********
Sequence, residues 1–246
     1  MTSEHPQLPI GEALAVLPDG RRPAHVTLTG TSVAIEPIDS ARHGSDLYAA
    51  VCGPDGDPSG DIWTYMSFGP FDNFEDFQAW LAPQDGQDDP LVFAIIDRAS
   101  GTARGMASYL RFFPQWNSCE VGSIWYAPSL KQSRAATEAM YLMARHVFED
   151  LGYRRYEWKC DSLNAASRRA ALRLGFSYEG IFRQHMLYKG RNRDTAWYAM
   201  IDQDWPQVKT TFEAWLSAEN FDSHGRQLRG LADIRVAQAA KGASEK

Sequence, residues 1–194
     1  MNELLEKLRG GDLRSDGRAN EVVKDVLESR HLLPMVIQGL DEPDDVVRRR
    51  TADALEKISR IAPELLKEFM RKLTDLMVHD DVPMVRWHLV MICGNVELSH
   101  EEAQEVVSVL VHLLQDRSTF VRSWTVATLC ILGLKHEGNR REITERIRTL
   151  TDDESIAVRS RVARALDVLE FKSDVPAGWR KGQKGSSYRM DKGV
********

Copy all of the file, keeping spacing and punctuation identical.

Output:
Sequence, residues 1–246
     1  MTSEHPQLPI GEALAVLPDG RRPAHVTLTG TSVAIEPIDS ARHGSDLYAA
    51  VCGPDGDPSG DIWTYMSFGP FDNFEDFQAW LAPQDGQDDP LVFAIIDRAS
   101  GTARGMASYL RFFPQWNSCE VGSIWYAPSL KQSRAATEAM YLMARHVFED
   151  LGYRRYEWKC DSLNAASRRA ALRLGFSYEG IFRQHMLYKG RNRDTAWYAM
   201  IDQDWPQVKT TFEAWLSAEN FDSHGRQLRG LADIRVAQAA KGASEK

Sequence, residues 1–194
     1  MNELLEKLRG GDLRSDGRAN EVVKDVLESR HLLPMVIQGL DEPDDVVRRR
    51  TADALEKISR IAPELLKEFM RKLTDLMVHD DVPMVRWHLV MICGNVELSH
   101  EEAQEVVSVL VHLLQDRSTF VRSWTVATLC ILGLKHEGNR REITERIRTL
   151  TDDESIAVRS RVARALDVLE FKSDVPAGWR KGQKGSSYRM DKGV